A house is only as strong as its foundations. Has that been said before?
I’m not one for quotes, poems or readings on death and coping with loss. I could do a google search now and find some quite easily, but that would feel fake.
I’m not sentimental. I don’t carry a locket filled with a clipping of a loved one’s hair (well who does nowadays?) or hang pictures of fond memories on the wall. Some people might see this as heartless or cold, but we all deal with these complex emotional states in different ways.
For the last six months I have been working through the loss of my father. I believe I briefly discussed it in a previous blog, but didn’t go into specifics, nor the journey taken to come to terms with this emptiness. Let’s hope I don’t tread on old ground, but if you know me, that’s very likely, and probably natural for this type of experience.
So I’ll begin with some questions I have been pondering internally and with others;
When is it not ok to grieve anymore? What happens when you are denied your death rituals? What does love turn into after death? Should we hand out a spoonful of him to the guests when we are finally able to have a celebration in his honour - like a party bag? With some cake?
Some days I sit and feel nothing. The walls remain as they are, everything in its place, but still, a pervasive cold envelops my surroundings. Sometimes I am angry, snappy and curt to those around me. I don’t mean to be, and I know I have love in my heart, love to spare even, but I can’t escape the see-saw of moods. I am chaos.
I’m not one for sitting down and letting the rot set in. I consider myself pretty active, always working, either for myself or other people. That is one principle I got from him. Work hard and always have a job to go to before leaving another. I hope I made him proud.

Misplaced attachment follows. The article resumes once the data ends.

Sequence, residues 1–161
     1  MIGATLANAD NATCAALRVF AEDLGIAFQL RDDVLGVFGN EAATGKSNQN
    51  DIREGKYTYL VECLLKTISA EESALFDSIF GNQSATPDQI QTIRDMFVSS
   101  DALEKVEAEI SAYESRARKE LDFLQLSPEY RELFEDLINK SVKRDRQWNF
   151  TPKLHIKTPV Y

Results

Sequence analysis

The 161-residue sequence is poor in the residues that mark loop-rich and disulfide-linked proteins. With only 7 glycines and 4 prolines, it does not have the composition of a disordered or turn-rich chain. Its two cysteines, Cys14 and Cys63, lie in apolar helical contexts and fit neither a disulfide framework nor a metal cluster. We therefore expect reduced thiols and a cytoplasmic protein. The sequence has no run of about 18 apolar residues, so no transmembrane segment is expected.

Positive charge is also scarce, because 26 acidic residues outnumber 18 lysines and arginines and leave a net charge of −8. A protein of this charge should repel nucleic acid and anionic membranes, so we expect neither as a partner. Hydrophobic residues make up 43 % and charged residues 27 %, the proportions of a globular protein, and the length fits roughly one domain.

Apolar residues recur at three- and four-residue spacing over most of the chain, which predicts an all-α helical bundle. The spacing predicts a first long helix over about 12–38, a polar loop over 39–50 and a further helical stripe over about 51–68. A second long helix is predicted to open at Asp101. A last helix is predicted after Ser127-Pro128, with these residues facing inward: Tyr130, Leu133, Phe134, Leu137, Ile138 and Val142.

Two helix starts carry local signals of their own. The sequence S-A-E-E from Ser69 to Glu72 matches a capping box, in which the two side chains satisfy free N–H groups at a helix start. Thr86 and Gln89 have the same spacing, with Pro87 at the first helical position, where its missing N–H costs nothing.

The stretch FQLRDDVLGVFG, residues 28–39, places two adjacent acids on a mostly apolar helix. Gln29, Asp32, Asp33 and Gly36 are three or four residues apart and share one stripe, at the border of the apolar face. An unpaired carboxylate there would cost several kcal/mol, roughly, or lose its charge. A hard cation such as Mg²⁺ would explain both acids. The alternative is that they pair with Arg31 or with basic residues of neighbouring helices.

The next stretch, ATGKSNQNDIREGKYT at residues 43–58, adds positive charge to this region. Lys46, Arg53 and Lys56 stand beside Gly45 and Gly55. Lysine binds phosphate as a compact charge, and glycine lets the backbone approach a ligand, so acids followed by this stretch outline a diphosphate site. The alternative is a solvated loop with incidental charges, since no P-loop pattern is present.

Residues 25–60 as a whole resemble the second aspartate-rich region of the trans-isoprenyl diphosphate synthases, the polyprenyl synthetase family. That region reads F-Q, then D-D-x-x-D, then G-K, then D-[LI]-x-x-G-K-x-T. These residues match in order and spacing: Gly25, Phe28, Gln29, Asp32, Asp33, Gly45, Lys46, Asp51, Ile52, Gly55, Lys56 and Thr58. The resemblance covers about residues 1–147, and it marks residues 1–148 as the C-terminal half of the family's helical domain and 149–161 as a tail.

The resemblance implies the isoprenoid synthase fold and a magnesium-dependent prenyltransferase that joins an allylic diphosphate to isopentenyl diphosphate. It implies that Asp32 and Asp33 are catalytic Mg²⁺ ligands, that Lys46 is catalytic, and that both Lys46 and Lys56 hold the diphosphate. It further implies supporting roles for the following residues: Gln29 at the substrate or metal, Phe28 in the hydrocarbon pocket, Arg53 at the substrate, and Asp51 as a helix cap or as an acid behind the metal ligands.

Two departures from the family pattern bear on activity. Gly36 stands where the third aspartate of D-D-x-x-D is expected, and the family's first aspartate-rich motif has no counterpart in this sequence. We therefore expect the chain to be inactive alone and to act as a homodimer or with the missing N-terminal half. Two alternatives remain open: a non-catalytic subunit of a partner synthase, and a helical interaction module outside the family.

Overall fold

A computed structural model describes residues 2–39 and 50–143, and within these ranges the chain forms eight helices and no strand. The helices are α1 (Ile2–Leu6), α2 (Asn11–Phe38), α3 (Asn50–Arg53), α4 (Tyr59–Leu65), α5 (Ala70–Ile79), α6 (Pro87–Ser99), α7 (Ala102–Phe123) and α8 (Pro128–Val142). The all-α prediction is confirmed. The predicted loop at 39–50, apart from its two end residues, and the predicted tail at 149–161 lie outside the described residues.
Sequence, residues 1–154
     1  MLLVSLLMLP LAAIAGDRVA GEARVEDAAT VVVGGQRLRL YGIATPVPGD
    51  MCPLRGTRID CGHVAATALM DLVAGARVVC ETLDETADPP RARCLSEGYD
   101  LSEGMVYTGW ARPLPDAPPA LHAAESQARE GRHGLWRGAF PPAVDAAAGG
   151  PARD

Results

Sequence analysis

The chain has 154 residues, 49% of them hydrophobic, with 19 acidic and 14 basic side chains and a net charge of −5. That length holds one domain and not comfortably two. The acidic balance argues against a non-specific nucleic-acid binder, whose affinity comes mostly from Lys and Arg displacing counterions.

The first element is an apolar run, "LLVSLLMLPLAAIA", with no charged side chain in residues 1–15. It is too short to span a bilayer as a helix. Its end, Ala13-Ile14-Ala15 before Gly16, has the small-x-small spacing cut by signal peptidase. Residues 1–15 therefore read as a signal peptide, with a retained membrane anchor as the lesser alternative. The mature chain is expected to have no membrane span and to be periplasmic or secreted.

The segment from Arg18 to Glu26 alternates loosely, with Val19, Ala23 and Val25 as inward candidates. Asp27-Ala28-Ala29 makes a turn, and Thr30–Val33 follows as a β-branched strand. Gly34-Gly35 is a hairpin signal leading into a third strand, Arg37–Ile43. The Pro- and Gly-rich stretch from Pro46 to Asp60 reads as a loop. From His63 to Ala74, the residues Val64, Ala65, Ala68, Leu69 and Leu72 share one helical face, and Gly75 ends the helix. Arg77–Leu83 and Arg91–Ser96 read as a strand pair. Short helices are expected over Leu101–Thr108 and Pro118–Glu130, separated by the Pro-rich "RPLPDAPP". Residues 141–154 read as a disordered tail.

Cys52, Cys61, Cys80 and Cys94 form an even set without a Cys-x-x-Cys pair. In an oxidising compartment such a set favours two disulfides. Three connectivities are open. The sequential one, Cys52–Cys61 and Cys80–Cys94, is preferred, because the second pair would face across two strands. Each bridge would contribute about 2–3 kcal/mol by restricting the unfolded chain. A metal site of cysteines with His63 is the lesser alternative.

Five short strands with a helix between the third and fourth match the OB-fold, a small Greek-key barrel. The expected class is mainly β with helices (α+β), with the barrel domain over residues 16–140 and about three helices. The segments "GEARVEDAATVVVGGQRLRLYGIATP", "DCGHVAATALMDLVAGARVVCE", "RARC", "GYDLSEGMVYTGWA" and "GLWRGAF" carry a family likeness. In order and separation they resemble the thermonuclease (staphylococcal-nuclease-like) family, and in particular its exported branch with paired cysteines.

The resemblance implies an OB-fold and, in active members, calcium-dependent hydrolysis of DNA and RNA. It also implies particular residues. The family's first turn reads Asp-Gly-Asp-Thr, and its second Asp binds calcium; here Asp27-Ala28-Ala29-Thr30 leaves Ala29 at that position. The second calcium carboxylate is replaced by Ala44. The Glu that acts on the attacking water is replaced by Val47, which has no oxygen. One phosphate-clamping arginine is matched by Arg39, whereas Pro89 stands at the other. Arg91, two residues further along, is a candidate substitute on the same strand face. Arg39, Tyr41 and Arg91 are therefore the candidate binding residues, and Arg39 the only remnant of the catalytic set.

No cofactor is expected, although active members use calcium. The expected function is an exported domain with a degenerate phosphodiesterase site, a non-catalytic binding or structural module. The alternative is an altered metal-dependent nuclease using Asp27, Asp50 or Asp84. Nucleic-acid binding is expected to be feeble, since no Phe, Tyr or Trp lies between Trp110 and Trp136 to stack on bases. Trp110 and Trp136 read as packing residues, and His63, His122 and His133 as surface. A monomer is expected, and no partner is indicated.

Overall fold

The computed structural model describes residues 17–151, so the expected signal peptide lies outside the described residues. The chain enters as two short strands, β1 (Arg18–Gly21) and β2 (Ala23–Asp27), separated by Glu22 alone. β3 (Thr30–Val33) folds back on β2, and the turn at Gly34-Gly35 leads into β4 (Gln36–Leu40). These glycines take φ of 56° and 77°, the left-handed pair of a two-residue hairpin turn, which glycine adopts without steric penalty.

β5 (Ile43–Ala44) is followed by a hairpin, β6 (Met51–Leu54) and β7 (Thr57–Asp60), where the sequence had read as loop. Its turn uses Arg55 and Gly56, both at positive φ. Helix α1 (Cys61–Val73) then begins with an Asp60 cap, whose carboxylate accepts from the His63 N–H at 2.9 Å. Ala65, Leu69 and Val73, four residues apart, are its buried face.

For the last few months I have been using art, discussion and personal reflection to move through the grief. Literally, I have been dancing my grief. Finding my body, getting fit again. Making short films, taking part in discussions and hosting events with peers; talking about grief in an open and honest way.
It has been good for me to pour my heart into something I love and can use pretty well to articulate what words cannot. But talking has also provided a tangible link to others’ experiencing loss. Granted in different ways, but still along similar lines.
HOUSE is my first farewell to my father. A mourning lament and attempt at developing my own rituals and a digital shrine for his (in my opinion) greatness and impact on my life. He was flawed like we all are, made mistakes, was hated and forgiven. Was human.
I have explained my grief to others’ in a number of ways, but this one sticks out, so I will share it now. My grief is like being in the middle of a vast ocean. At times when I am submerged it’s quiet, peaceful, but also dark, cold and foreboding. A sense of dread clings to my skin, and as time ticks down, I have less breath to survive. When I do finally breach the surface, a violent storm is raging above causing waves to crash and bash into me. In these moments I am both myself and the storm, full of rage and battered by my own chaos.
Grief is all these and non of them. It’s who we are and how we choose to react to what’s being presented to us. The hope I have for myself is that I can find a new balance. I want to find a way to live with my grief, have it empower me to do more good, make a difference. Be kind.